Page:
Review: ‘Convergence: Courage in a Crisis’ takes on a gargantuan challenge

DUBAI: It took more than 200,000 workers and 240 million hours of combined labor to bring the vast Expo 2020 Dubai site to life.

Now, to express thanks to the workforce, a colonnade of 38 columns has been installed at the site’s Jubilee Park, with individual worker’s names carved in stone.

Reem Al-Hashimi, Expo 2020 Dubai’s director-general, had the idea for the Workers’ Monument and asked London-based architect Asif Khan to design the project.

“It’s such a powerful form of recognition, positive energy and kindness. It’s a very human statement, and a reminder that human beings are at the heart of what has been achieved,” Khan told Arab News.

The monument is located at Expo 2020 Dubai’s Jubilee Park. (Supplied)

 “In general, the people who build all these projects that transform the world and our culture are rarely thanked or, if they are, it’s in an impersonal, general way,” he said.

“What we forget when people are working on projects is that their family and friends are part of the process. They make sacrifices.”

Khan, who also designed the Expo’s massive entry portals, met many of the workers on site during the past five years.

“They are from every corner of the world, especially South Asia, and they all got on together,” he recalled.

However, detailing the tribute was no easy task, with spreadsheets that listed hundreds of names — a challenge that Khan saw as a “fascinating anthropological study.”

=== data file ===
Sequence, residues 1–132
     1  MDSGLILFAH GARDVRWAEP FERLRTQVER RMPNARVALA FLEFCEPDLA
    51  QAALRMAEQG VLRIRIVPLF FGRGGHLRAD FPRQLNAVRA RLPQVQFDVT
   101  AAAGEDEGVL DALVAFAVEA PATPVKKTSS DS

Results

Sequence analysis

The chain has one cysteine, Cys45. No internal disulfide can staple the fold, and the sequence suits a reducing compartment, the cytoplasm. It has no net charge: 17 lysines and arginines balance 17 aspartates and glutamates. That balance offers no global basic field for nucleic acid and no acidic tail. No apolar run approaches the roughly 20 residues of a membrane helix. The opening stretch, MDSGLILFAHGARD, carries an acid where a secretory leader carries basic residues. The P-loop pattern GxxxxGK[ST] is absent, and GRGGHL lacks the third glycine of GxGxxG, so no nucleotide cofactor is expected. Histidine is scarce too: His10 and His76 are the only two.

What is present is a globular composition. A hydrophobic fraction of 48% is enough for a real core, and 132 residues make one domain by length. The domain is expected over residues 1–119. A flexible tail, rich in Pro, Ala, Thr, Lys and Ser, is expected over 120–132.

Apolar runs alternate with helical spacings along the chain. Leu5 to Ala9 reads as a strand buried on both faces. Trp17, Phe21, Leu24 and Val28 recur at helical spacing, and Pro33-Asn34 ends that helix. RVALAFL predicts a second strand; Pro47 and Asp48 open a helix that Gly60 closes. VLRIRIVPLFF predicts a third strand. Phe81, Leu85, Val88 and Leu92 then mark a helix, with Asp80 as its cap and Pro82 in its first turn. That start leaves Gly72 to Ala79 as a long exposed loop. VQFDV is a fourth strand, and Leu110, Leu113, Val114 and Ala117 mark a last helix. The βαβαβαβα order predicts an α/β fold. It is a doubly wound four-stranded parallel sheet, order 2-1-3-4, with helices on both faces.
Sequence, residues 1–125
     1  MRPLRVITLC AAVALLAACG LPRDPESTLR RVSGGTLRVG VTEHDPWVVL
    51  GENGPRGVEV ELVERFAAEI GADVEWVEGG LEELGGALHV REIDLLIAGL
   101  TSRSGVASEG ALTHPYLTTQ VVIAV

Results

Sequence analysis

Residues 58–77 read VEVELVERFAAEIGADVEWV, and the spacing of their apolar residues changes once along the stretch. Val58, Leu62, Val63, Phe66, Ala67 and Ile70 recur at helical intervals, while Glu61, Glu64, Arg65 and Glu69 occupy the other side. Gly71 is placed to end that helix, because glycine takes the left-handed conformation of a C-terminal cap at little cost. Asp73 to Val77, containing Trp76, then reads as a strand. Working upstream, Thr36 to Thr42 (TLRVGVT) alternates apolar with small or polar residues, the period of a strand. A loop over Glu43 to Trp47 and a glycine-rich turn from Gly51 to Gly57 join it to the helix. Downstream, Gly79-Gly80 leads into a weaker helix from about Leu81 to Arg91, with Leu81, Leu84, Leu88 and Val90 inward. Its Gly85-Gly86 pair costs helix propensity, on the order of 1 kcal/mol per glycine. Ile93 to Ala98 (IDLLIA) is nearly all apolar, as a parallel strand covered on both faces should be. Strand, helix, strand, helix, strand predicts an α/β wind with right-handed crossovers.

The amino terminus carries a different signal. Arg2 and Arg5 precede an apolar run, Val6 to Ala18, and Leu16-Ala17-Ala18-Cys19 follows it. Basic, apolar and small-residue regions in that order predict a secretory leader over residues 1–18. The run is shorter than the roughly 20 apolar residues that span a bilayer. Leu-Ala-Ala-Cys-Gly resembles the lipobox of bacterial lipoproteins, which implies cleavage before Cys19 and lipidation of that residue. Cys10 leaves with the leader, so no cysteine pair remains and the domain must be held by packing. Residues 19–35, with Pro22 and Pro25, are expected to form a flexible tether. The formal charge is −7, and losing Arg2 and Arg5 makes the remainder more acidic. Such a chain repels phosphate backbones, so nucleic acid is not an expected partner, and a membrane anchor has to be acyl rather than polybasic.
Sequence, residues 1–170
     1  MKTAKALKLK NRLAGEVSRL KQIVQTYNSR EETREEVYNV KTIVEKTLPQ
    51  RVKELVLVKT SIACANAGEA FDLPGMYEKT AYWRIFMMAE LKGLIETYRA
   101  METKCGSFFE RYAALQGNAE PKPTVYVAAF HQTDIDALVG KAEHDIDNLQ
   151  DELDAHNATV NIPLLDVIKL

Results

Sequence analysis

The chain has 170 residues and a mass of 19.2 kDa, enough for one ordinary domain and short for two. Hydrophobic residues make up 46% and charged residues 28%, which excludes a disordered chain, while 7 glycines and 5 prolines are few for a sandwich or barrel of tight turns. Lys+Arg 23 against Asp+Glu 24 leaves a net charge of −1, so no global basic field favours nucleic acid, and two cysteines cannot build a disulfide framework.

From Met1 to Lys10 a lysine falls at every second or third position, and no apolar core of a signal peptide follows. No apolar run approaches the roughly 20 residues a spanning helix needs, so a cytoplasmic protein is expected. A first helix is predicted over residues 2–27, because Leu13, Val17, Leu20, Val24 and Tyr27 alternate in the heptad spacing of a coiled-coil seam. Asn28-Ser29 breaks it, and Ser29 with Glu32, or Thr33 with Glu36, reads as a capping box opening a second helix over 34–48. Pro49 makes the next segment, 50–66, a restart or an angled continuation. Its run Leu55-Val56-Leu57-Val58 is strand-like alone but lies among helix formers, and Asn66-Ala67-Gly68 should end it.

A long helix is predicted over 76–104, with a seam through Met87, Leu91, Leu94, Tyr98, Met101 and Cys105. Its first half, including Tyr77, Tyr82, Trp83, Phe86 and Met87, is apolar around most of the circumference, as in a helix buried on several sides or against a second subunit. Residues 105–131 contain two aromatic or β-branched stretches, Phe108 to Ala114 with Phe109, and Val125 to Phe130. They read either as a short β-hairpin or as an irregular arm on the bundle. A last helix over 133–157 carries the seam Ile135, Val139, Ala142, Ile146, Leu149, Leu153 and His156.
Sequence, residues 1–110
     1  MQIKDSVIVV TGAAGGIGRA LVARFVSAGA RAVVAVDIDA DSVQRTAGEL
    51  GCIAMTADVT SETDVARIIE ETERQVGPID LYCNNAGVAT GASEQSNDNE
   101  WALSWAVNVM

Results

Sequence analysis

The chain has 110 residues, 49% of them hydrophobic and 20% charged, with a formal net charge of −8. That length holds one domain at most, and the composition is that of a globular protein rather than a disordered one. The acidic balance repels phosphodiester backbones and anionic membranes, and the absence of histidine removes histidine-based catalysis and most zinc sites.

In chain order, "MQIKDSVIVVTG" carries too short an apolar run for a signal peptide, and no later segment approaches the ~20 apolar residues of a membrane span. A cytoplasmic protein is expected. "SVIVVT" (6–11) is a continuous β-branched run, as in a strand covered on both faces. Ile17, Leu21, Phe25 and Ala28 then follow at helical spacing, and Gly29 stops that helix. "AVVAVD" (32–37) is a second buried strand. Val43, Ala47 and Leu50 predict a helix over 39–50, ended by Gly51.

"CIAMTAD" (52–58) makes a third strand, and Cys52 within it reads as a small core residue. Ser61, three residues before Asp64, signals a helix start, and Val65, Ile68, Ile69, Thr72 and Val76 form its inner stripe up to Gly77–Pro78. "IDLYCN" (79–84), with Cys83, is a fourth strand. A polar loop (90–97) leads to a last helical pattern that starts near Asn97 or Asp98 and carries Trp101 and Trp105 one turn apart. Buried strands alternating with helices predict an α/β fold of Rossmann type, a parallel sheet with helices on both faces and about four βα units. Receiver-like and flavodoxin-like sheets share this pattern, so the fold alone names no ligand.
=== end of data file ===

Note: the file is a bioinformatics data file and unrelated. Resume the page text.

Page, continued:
Duplicate names, alternative spellings, and names that ranged between one and five words were all honored in the final structure. Each circular, two-meter-high column, made of Omani limestone, is like “a book in a library,” where individual workers can find their name.

“When I first visited the site, it was desert. Through the works of these people — brick by brick, centimeter by centimeter — this site was transformed,” Khan said.

“They are like magicians who changed the state of matter.”

The celebratory Dubai tribute is believed to be the first of its kind, with similar monuments traditionally associated with solemnity and loss.

“It’s a monument to the living. In our research, we found no monument of this scale which names every worker individually,” Khan said. “I hope it’s the beginning of being thankful, globally.”

Expo may last for only six months, but the overall site and Workers’ Monument are here to stay, according to Khan, “making sure that future generations knew who made it.”